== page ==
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Decoding modern television technology jargon

A new television can bring new life to an old outdated room. A new television can also bring the family together. There is nothing quite like a nice family movie night to bring everyone together, but no one will enjoy anything if you have a small television with a grainy picture. Everyone will be squinting to see all of the action, or they may just miss it all together. This could only mean one thing. Yes, you are going to need a new television. This means that you have to make a decision. You need to determine which television will be the best for your family movie night, but how do you make this decision? There are so many great televisions to choose from. If you have been out of the television technology loop for an extended period of time, then consider this a primer.

 

Televisions are high definition

The picture quality on today’s televisions is nothing short of incredible. The bright vivid colours make the television appear to be a window into a magical world where your entertainment works overtime. With all of these improvements comes something else, an entire new language to learn. You will have to get out your decoder rings and decipher what all of the high-tech television terms mean. After all, these terms are just numbers and letters that help gauge a specific performance value.

Decoding modern television technology jargon

 

Picture size

This is the one part of television technology that makes sense. It is easy to determine the logic behind this measurement, but most people don’t realise that many television manufacturers measure their televisions from one corner to the next. It is a diagonal measurement, not horizontal. Bigger is not always the best choice either. You may find that the larger screen televisions don’t have a picture that looks quite as good as some of the more modest television sets.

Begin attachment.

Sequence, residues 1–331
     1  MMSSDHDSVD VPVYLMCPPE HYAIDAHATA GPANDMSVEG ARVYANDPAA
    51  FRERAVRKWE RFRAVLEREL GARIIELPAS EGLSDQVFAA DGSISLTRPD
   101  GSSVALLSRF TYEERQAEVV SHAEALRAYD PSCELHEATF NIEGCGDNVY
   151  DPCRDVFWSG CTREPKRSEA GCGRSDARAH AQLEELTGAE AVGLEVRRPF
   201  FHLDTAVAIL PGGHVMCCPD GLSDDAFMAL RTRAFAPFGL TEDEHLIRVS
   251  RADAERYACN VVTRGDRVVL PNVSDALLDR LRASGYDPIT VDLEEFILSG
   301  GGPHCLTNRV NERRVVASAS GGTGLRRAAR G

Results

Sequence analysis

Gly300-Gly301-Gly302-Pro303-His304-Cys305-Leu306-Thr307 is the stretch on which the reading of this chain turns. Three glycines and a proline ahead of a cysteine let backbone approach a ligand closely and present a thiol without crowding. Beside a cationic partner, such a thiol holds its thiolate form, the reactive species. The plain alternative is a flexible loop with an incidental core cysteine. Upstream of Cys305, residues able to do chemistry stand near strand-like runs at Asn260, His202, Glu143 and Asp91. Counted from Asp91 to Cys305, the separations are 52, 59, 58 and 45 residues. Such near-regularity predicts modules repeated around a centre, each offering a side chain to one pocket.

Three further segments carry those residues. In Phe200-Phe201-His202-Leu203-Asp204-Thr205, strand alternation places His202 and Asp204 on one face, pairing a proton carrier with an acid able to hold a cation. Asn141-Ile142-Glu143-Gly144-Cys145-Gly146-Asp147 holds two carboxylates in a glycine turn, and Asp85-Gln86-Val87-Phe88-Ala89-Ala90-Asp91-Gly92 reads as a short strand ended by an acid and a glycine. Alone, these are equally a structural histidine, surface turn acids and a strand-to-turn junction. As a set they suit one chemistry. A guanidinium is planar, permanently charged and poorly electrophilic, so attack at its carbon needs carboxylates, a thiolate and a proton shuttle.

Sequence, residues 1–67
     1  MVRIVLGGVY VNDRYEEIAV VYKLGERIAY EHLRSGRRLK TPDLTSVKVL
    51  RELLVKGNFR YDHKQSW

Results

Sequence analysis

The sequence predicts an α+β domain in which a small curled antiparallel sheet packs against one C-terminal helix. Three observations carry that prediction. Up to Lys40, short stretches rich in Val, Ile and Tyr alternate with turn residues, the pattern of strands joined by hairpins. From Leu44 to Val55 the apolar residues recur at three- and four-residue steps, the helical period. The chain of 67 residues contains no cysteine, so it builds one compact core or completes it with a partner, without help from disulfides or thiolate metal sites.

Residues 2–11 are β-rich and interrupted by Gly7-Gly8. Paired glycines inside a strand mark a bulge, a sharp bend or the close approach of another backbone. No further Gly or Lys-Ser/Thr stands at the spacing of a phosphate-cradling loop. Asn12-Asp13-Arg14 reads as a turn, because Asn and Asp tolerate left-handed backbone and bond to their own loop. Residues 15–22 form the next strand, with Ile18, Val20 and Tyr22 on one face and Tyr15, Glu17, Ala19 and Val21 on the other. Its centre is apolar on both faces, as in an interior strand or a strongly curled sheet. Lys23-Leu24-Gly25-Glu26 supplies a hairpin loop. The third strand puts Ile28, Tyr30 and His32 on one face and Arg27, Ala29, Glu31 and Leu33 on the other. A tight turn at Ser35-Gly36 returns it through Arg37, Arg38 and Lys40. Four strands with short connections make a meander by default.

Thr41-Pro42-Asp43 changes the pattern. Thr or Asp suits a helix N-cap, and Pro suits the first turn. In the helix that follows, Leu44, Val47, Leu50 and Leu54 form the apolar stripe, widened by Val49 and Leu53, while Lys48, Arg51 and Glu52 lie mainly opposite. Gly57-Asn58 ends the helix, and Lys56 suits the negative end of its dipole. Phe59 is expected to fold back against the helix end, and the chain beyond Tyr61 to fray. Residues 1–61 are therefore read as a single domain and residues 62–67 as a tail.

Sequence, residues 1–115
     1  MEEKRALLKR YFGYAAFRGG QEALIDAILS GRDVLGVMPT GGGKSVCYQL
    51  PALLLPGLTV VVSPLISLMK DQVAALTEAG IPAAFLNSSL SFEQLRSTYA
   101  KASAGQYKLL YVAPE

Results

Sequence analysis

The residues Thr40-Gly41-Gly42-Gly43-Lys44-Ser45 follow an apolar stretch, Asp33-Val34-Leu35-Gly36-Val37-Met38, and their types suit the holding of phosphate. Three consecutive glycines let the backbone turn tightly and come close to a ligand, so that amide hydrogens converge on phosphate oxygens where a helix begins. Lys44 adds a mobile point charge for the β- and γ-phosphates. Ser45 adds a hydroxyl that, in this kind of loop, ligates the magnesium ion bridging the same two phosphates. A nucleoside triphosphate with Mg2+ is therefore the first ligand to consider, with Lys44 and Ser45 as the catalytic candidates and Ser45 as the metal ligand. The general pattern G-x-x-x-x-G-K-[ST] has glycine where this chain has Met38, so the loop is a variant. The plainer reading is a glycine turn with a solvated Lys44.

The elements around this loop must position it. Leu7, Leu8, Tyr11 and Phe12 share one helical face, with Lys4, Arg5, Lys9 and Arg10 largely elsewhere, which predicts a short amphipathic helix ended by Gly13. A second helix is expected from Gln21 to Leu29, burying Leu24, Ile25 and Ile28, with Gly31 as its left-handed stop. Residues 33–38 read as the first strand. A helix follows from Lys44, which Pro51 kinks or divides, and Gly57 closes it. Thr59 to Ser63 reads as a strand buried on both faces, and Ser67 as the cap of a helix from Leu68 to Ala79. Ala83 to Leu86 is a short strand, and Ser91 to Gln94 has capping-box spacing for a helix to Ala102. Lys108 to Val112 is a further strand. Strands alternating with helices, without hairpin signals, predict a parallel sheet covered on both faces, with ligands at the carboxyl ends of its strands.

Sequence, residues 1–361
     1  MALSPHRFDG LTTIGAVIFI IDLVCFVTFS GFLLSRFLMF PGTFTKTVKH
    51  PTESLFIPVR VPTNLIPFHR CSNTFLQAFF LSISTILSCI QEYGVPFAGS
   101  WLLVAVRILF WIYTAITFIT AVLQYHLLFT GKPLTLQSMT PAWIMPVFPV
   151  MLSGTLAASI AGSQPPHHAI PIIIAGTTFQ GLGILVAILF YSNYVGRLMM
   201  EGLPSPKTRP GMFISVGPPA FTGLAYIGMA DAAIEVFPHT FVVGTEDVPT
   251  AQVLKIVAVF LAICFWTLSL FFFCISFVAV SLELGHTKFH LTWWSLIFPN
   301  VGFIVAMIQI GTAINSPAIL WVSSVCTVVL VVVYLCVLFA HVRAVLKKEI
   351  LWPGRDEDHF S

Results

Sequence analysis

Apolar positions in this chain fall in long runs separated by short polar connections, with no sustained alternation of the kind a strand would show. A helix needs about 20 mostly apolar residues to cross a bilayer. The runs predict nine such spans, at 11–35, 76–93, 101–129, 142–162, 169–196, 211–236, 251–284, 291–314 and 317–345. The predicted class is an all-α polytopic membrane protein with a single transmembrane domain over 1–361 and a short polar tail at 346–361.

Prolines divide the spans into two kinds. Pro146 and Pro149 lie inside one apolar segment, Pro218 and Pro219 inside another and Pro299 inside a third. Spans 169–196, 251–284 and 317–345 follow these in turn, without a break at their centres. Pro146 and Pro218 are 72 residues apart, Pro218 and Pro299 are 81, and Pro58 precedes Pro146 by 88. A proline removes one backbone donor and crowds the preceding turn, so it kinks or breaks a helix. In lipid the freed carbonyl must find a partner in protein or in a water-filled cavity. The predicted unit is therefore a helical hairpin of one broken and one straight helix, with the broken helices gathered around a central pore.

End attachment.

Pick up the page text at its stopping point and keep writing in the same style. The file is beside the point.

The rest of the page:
Picture quality

This is the next term that you are going to need to come to grips with. What do all these things mean? Should you get a television that produces images at 720p, 1080i, 1080p or 4k? Generally the higher the number, the better the picture quality will end up being. Looking at the numbers above you will see that 720p is the lowest picture quality where 4k would be the highest. The higher picture quality also comes with a higher price tag so you need to determine a good combination of picture quality versus price.

As if all of this technical jargon was not enough, there are even more things to consider as well. What about the refresh rate? What does that have to do with anything? Again, the whole higher = better concept applies for this attribute as well. The higher the refresh rate, the better the picture quality will be for fast moving images like sports and video games. Knowing all this now, it should be easier to buy TV sets.

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